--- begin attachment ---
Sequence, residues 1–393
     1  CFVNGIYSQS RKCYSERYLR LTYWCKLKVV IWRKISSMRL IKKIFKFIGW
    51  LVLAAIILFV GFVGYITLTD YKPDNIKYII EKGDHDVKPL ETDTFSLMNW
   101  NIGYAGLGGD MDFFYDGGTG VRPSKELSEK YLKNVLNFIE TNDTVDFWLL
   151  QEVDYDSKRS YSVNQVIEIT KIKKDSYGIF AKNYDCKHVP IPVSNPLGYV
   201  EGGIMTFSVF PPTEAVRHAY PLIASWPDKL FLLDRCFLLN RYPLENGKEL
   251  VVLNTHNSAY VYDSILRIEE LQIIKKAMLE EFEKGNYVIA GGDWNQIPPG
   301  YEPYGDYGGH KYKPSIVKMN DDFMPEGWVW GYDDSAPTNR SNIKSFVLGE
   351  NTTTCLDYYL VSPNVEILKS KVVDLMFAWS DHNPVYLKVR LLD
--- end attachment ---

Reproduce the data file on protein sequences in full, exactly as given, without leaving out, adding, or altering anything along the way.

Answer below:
Sequence, residues 1–393
     1  CFVNGIYSQS RKCYSERYLR LTYWCKLKVV IWRKISSMRL IKKIFKFIGW
    51  LVLAAIILFV GFVGYITLTD YKPDNIKYII EKGDHDVKPL ETDTFSLMNW
   101  NIGYAGLGGD MDFFYDGGTG VRPSKELSEK YLKNVLNFIE TNDTVDFWLL
   151  QEVDYDSKRS YSVNQVIEIT KIKKDSYGIF AKNYDCKHVP IPVSNPLGYV
   201  EGGIMTFSVF PPTEAVRHAY PLIASWPDKL FLLDRCFLLN RYPLENGKEL
   251  VVLNTHNSAY VYDSILRIEE LQIIKKAMLE EFEKGNYVIA GGDWNQIPPG
   301  YEPYGDYGGH KYKPSIVKMN DDFMPEGWVW GYDDSAPTNR SNIKSFVLGE
   351  NTTTCLDYYL VSPNVEILKS KVVDLMFAWS DHNPVYLKVR LLD